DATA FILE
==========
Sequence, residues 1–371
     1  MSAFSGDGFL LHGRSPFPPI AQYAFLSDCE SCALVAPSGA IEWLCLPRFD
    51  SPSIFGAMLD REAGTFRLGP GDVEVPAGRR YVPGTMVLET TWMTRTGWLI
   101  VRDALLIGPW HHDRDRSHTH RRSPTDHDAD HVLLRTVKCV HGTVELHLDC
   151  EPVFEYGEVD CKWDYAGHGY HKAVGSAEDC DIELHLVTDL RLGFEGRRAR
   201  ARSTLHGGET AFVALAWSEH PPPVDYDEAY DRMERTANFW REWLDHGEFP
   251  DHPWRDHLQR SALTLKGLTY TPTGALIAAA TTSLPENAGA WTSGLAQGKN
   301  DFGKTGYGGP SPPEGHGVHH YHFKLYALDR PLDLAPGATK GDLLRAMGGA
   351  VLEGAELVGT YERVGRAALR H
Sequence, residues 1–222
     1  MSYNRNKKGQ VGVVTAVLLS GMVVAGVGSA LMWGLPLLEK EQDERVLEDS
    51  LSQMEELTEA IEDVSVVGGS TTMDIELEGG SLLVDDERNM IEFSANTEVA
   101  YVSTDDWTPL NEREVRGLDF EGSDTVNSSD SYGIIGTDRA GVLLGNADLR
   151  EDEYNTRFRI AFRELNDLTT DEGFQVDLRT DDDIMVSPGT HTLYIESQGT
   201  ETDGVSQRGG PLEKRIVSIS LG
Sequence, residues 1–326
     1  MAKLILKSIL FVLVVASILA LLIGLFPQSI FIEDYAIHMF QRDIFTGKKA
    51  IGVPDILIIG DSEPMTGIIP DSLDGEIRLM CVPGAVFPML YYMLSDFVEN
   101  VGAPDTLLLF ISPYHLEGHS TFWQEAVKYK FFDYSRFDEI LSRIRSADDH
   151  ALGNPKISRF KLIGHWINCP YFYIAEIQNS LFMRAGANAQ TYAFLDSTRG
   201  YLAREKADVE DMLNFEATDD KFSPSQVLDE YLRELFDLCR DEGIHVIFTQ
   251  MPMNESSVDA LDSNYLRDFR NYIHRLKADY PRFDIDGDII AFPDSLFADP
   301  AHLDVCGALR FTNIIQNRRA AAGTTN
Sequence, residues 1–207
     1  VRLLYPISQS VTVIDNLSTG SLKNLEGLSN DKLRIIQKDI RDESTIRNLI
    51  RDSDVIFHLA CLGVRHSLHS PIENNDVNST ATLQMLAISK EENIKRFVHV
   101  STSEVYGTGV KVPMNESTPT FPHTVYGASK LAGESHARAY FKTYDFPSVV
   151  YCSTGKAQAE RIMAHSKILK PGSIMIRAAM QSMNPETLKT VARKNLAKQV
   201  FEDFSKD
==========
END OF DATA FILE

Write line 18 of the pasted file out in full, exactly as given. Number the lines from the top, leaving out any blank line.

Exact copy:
    51  IGVPDILIIG DSEPMTGIIP DSLDGEIRLM CVPGAVFPML YYMLSDFVEN